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Front. Behav. Neurosci., 06 May 2014 | https://doi.org/10.3389/fnbeh.2014.00147

Local and regional heterogeneity underlying hippocampal modulation of cognition and mood

  • 1Department of Pharmacology, Columbia University, New York, NY, USA
  • 2Division of Integrative Neuroscience, New York State Psychiatric Institute, New York, NY, USA
  • 3Department of Neuroscience, Columbia University, New York, NY, USA
  • 4Department of Psychiatry, Columbia University, New York, NY, USA

While the hippocampus has been classically studied for its role in learning and memory, there is significant support for a role of the HPC in regulating emotional behavior. Emerging research suggests these functions may be segregated along the dorsoventral axis of the HPC. In addition to this regional heterogeneity, within the HPC, the dentate gyrus is one of two areas in the adult brain where stem cells continuously give rise to new neurons. This process can influence and be modulated by the emotional state of the animal, suggesting that adult neurogenesis within the DG may contribute to psychiatric disorders and cognitive abilities. Yet, the exact mechanism by which these newborn neurons influence behavior remains unknown. Here, we will examine the contribution of hippocampal neurogenesis to the output of the HPC, and suggest that the role of neurogenesis may vary along the DV axis. Next, we will review literature indicating that anatomical connectivity varies along the DV axis of the HPC, and that this underlies the functional segregation along this axis. This analysis will allow us to synthesize novel hypotheses for the differential contribution of the HPC to cognition and mood.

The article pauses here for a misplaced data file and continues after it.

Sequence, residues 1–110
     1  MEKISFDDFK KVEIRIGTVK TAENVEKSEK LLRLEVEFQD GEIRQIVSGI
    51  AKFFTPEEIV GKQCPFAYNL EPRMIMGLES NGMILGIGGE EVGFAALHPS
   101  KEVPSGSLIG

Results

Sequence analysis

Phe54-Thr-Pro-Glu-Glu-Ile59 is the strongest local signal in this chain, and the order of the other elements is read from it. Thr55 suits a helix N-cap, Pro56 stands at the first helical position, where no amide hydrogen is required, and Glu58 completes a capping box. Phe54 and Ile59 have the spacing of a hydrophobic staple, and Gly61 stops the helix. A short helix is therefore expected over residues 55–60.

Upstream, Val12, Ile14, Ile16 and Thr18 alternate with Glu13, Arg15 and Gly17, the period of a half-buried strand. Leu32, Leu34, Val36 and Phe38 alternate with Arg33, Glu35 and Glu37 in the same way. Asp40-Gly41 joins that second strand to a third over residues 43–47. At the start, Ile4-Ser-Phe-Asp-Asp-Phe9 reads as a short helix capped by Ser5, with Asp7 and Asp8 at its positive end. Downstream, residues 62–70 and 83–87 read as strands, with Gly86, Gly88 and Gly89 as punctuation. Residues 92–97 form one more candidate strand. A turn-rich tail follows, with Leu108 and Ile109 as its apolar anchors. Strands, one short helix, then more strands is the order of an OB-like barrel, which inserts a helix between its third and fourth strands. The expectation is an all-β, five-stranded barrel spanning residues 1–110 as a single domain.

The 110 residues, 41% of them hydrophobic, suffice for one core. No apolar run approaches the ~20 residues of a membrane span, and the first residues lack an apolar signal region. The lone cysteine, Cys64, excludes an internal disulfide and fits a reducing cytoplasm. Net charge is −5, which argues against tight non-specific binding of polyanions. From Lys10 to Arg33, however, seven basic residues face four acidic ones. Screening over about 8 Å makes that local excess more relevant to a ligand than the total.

Introduction

The hippocampus (HPC) has classically been implicated in learning and memory beginning with studies of Henry Molaison who exhibited profound memory deficits after undergoing a bilateral medial temporal lobectomy to alleviate his drug-resistant seizures (Scoville and Milner, 1957). In recent years, a role for the HPC in emotional control has become more widely appreciated as well. For example, decreased hippocampal volume has been reported in depressed patients (Sheline et al., 1999; Videbech and Ravnkilde, 2004). While it is believed that the HPC plays a critical role in both cognition and mood, the detailed circuitry by which it modulates such seemingly disparate processes remains unclear. Circuit tracing studies show that the output of the HPC differs along the dorsoventral (DV) axis, indicating that depending on the locus of hippocampal output, different downstream structures may be recruited (Fanselow and Dong, 2010). Elucidating how the HPC modulates these targets may provide an entry point for understanding how the HPC regulates both learning and emotion. In addition, local circuit properties of the HPC may influence its net output. Here, we will examine one such property specific to the dentate gyrus (DG) subregion of the HPC: adult hippocampal neurogenesis (AHN). AHN is a unique form of plasticity that is often implicated in cognitive function and anxiety-like behavior. Next, we will explore the HPC’s various outputs particularly focusing on the role of the HPC in anxiety modulation and the candidate regions that may be critical for this modulation. And finally, we will discuss how AHN may modulate local circuitry impacting hippocampal output to downstream targets.

Local Heterogeneity in the Dentate Gyrus

Adult Neurogenesis